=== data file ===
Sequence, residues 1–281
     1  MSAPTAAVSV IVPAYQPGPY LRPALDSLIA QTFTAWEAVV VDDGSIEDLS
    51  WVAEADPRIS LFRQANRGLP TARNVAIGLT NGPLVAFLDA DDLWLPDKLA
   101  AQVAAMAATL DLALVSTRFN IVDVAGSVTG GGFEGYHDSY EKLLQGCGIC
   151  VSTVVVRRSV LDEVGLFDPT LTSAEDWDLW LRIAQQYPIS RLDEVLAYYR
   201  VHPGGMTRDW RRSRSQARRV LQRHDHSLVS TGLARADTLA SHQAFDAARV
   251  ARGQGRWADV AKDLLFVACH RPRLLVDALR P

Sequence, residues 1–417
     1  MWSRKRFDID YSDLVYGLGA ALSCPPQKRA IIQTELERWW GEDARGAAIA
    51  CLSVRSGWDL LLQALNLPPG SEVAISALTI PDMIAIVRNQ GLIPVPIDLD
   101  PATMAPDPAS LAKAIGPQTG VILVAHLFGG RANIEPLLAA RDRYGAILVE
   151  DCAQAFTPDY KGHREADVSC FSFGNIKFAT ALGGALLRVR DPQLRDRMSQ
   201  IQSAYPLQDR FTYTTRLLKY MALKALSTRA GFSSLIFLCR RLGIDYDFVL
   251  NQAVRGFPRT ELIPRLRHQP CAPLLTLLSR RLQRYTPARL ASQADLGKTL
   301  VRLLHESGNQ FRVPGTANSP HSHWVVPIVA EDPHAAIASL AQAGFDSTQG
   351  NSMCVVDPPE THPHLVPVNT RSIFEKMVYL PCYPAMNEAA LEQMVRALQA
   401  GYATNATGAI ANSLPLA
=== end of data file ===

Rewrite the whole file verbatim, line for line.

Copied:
Sequence, residues 1–281
     1  MSAPTAAVSV IVPAYQPGPY LRPALDSLIA QTFTAWEAVV VDDGSIEDLS
    51  WVAEADPRIS LFRQANRGLP TARNVAIGLT NGPLVAFLDA DDLWLPDKLA
   101  AQVAAMAATL DLALVSTRFN IVDVAGSVTG GGFEGYHDSY EKLLQGCGIC
   151  VSTVVVRRSV LDEVGLFDPT LTSAEDWDLW LRIAQQYPIS RLDEVLAYYR
   201  VHPGGMTRDW RRSRSQARRV LQRHDHSLVS TGLARADTLA SHQAFDAARV
   251  ARGQGRWADV AKDLLFVACH RPRLLVDALR P

Sequence, residues 1–417
     1  MWSRKRFDID YSDLVYGLGA ALSCPPQKRA IIQTELERWW GEDARGAAIA
    51  CLSVRSGWDL LLQALNLPPG SEVAISALTI PDMIAIVRNQ GLIPVPIDLD
   101  PATMAPDPAS LAKAIGPQTG VILVAHLFGG RANIEPLLAA RDRYGAILVE
   151  DCAQAFTPDY KGHREADVSC FSFGNIKFAT ALGGALLRVR DPQLRDRMSQ
   201  IQSAYPLQDR FTYTTRLLKY MALKALSTRA GFSSLIFLCR RLGIDYDFVL
   251  NQAVRGFPRT ELIPRLRHQP CAPLLTLLSR RLQRYTPARL ASQADLGKTL
   301  VRLLHESGNQ FRVPGTANSP HSHWVVPIVA EDPHAAIASL AQAGFDSTQG
   351  NSMCVVDPPE THPHLVPVNT RSIFEKMVYL PCYPAMNEAA LEQMVRALQA
   401  GYATNATGAI ANSLPLA